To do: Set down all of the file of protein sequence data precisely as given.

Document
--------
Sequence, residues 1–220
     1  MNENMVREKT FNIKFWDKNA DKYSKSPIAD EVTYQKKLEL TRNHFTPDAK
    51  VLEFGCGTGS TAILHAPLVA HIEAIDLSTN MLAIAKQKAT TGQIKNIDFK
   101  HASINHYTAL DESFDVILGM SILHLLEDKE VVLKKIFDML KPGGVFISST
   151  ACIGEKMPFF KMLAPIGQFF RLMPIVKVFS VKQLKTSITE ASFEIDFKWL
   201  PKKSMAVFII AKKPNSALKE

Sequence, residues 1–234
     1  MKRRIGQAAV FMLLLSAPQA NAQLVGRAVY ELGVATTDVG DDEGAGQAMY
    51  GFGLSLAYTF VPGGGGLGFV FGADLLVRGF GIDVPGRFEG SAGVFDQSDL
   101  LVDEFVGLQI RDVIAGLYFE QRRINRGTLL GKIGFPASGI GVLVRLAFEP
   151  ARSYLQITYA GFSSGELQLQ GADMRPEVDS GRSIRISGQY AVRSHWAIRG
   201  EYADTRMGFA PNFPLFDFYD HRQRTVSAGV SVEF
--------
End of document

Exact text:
Sequence, residues 1–220
     1  MNENMVREKT FNIKFWDKNA DKYSKSPIAD EVTYQKKLEL TRNHFTPDAK
    51  VLEFGCGTGS TAILHAPLVA HIEAIDLSTN MLAIAKQKAT TGQIKNIDFK
   101  HASINHYTAL DESFDVILGM SILHLLEDKE VVLKKIFDML KPGGVFISST
   151  ACIGEKMPFF KMLAPIGQFF RLMPIVKVFS VKQLKTSITE ASFEIDFKWL
   201  PKKSMAVFII AKKPNSALKE

Sequence, residues 1–234
     1  MKRRIGQAAV FMLLLSAPQA NAQLVGRAVY ELGVATTDVG DDEGAGQAMY
    51  GFGLSLAYTF VPGGGGLGFV FGADLLVRGF GIDVPGRFEG SAGVFDQSDL
   101  LVDEFVGLQI RDVIAGLYFE QRRINRGTLL GKIGFPASGI GVLVRLAFEP
   151  ARSYLQITYA GFSSGELQLQ GADMRPEVDS GRSIRISGQY AVRSHWAIRG
   201  EYADTRMGFA PNFPLFDFYD HRQRTVSAGV SVEF